From your aching back to heartburn and hemorrhoids, here's what you need to know to stay comfortable during the final months of pregnancy.

Ah, the third trimester -- you’re belly is big and beautiful, you’ve been showered with gifts -- and you pee each and every time you sneeze.

The third trimester may not be the most comfortable part of pregnancy, but there are a lot of ways to try to make these last three months a little easier. Talk to your healthcare provider to make sure there aren't any restrictions on your activity.

The peeing problem

While there’s no easy fix for this one -- as your baby starts hanging out lower in your pelvis, she or he’s right there by your bladder -- regular Kegel exercises will help your pelvic floor muscles stay strong. Kegels can also help ease the whole why do I pee if I sneeze, cough or laugh too hard? issue. Simply squeeze those muscles -- like you're holding back the flow of urine -- then relax, letting them open. It's great preparation for labor and postpartum, too.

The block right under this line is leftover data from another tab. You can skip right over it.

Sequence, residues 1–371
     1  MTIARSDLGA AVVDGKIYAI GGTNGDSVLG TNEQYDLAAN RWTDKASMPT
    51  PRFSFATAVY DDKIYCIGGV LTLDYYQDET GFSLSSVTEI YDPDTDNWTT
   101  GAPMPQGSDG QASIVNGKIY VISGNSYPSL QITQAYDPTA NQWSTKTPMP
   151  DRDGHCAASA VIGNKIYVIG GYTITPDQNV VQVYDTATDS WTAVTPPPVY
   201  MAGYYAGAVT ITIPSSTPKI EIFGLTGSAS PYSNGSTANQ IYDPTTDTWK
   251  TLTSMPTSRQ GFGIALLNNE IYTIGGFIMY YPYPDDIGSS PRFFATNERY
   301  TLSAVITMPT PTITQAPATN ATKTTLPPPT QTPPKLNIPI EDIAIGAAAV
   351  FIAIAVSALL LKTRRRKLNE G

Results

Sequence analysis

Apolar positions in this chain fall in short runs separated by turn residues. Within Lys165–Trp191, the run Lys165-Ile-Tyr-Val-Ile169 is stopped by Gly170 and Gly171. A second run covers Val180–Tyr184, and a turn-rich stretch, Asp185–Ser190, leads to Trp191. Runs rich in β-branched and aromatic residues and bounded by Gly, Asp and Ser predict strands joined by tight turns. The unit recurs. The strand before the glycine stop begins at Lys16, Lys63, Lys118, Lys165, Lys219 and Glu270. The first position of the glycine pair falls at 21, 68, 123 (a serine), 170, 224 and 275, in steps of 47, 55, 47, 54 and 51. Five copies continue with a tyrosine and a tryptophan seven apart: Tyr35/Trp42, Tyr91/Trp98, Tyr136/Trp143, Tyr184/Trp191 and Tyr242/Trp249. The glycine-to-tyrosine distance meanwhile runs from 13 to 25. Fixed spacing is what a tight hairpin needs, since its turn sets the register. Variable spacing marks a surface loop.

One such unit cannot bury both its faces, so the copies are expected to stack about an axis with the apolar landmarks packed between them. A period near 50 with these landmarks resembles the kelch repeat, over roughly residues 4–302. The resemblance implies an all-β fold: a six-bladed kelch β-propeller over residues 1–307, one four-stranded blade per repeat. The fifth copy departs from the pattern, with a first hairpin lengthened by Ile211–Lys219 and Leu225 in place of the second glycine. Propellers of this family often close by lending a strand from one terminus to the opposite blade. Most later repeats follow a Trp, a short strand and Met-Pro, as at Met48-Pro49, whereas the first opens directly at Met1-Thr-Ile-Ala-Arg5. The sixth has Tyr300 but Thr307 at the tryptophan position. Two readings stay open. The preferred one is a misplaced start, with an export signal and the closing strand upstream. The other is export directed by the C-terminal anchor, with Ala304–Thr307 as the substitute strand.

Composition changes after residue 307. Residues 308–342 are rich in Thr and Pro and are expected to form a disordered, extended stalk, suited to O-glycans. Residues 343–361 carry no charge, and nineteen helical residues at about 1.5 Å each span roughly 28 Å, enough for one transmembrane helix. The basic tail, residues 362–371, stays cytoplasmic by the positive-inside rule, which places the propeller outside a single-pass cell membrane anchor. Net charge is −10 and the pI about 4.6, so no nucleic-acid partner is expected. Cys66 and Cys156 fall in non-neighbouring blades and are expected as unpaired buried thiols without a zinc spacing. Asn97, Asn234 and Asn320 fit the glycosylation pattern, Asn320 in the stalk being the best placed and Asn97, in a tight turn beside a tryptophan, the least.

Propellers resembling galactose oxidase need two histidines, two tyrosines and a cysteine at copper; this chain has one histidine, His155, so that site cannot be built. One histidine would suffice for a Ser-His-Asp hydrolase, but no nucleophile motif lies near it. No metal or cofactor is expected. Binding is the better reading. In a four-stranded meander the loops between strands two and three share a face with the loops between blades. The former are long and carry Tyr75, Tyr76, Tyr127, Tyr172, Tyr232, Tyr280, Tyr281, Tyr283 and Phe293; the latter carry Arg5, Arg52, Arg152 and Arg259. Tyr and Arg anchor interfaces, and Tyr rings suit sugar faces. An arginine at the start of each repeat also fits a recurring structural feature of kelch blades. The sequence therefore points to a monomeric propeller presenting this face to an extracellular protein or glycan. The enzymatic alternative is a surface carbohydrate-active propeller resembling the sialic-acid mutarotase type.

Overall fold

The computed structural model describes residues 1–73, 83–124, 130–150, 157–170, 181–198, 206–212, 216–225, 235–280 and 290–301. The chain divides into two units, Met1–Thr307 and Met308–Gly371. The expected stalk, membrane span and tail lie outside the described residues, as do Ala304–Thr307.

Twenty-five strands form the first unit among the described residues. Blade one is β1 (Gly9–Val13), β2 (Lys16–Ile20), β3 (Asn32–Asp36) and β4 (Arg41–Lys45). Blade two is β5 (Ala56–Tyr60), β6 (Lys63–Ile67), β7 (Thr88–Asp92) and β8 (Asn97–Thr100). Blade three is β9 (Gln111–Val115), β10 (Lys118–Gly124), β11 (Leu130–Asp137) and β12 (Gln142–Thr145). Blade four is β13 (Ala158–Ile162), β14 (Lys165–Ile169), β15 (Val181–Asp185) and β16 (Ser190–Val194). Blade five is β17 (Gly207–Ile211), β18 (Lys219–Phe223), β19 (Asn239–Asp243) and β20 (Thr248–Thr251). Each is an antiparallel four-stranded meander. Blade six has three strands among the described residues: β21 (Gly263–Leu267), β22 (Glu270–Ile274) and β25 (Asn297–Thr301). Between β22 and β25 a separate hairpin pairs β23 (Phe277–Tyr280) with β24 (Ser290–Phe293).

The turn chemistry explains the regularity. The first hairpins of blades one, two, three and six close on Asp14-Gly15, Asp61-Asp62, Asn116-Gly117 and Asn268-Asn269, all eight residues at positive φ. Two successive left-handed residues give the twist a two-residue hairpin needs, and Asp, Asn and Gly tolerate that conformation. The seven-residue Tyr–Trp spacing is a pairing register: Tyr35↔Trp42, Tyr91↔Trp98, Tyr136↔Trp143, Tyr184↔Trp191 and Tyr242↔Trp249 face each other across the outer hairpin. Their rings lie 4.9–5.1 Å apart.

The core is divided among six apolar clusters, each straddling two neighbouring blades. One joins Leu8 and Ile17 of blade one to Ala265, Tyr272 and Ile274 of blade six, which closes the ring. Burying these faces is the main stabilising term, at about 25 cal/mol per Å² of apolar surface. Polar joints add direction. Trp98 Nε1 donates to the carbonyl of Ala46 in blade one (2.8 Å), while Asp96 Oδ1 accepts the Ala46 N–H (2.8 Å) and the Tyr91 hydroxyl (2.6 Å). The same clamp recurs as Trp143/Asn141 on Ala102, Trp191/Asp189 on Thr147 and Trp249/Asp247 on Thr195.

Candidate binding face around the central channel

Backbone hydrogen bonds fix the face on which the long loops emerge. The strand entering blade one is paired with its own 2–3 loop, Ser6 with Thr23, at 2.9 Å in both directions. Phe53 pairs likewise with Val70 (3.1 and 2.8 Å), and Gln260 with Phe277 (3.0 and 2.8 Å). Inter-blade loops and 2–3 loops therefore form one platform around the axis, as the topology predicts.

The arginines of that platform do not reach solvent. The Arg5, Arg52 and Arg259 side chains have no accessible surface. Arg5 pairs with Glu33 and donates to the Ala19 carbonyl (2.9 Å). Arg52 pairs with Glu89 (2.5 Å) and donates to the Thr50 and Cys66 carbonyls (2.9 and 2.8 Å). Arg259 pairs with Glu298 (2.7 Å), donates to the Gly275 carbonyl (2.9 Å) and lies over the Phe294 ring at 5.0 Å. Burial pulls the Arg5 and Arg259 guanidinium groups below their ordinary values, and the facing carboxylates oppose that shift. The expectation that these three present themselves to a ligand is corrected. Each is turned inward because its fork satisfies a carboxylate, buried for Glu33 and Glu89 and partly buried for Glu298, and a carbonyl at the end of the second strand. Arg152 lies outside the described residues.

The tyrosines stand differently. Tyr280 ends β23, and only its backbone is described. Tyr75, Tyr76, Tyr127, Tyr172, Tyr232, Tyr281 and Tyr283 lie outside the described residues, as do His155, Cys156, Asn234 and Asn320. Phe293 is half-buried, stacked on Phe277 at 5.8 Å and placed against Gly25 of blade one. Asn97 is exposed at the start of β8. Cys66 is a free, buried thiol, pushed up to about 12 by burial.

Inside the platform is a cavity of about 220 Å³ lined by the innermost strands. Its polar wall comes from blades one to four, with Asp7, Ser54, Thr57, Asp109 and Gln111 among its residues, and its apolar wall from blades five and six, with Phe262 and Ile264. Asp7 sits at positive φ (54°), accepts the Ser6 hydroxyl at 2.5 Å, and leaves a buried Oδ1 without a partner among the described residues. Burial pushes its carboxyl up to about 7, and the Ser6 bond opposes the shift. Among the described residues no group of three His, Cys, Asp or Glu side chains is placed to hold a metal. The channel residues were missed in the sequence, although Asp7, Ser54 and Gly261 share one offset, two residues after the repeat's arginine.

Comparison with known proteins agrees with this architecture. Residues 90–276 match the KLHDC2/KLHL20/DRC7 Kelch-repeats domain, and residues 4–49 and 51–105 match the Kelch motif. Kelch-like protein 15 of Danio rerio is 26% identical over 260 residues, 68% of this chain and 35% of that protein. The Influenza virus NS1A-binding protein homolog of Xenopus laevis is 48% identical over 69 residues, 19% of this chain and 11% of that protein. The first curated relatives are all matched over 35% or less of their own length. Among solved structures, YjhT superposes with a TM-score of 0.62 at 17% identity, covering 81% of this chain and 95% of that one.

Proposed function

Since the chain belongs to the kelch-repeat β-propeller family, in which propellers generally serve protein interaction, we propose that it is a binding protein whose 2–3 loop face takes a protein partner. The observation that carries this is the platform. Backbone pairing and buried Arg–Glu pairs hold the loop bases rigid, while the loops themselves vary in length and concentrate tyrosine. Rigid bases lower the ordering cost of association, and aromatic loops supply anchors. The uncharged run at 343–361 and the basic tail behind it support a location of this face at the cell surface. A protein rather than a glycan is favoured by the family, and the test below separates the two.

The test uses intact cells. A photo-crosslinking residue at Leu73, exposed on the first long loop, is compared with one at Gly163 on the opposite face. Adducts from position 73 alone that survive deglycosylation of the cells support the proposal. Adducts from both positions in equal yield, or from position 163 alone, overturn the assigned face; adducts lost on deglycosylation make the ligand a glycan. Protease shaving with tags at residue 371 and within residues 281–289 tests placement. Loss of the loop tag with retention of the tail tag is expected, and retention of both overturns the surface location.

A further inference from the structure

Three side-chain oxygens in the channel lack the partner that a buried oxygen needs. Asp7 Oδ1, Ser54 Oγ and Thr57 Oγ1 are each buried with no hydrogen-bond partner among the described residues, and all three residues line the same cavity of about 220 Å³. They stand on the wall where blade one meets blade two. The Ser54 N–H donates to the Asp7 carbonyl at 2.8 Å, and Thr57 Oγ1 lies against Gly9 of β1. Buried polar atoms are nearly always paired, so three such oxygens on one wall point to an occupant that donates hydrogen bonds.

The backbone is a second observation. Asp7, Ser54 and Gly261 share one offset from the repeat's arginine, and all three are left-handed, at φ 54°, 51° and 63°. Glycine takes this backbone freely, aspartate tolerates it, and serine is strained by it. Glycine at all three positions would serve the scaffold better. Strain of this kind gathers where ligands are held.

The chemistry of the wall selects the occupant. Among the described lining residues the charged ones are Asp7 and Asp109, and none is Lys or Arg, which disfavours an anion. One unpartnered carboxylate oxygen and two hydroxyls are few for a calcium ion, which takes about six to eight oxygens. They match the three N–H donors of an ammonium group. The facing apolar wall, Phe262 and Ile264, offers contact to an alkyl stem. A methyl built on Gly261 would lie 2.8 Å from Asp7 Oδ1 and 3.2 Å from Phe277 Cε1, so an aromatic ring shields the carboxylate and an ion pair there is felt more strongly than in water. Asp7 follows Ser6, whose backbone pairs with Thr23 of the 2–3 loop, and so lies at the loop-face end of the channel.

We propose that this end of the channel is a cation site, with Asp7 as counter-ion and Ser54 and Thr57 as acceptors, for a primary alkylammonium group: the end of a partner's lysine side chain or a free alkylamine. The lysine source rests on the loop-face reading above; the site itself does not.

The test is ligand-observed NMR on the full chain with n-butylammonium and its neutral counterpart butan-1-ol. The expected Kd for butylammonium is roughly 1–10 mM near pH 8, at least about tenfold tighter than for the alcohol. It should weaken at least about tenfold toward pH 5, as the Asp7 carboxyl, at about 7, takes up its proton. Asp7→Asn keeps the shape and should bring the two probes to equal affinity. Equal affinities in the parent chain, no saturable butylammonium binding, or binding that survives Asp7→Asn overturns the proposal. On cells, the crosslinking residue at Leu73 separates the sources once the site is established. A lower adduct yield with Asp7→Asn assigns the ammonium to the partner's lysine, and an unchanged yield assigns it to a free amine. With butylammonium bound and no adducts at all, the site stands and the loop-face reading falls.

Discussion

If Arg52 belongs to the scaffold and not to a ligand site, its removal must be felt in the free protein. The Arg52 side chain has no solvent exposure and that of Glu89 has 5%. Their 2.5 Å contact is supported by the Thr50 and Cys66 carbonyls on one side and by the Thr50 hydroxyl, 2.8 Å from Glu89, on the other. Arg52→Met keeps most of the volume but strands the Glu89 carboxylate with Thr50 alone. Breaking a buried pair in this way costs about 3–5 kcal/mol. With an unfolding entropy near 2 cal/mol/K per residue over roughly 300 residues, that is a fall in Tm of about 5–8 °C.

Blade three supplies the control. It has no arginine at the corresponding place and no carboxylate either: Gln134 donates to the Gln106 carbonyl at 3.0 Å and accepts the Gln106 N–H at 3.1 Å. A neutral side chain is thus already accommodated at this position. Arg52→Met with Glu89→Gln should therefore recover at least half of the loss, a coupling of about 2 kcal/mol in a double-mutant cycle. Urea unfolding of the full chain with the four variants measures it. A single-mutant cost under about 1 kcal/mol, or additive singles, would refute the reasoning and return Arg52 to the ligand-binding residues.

Relief for hemorrhoids

These annoying -- sometimes very painful -- swollen blood vessels by your anus are pretty common during the third trimester. Try soaking in a warm sitz bath or applying cool pads soaked in witch hazel -- you can find both at your local drugstore.

Your aching back

An easy stretch you can do at home -- sit on the floor or bed, crossing your legs. Gently drape one arm over the opposite knee as you look over your shoulder. You should feel a nice stretch starting at your low back all the way up toward your shoulder. Repeat on the other side. Many moms find chiropractic adjustments helpful to stay comfortable in the third trimester, too.

Rock that pelvisCat cow position

If you’re taking prenatal yoga, you may be familiar with the “cat cow” pose -- if not, it’s easy to do. Get in a hands and knees position on the floor or bed. As you inhale gently and slowly through your nose, round your back. Then exhale slowly through your mouth as you come back down, straightening your back. This is a great way to ease any back or pelvic pain you may have. It’s also a great way to condition your pelvis for labor -- the rocking motion helps open your pelvis and will give your baby more room to rotate into the ideal position for labor and birth. Make sure to open your legs while doing this -- being all lady-like won’t give you the same benefits!

More about the third trimester

The third trimester: Will the baby ever arrive?
The top 5 things no one tells you about the third trimester
The third trimester: A guide to your baby's development

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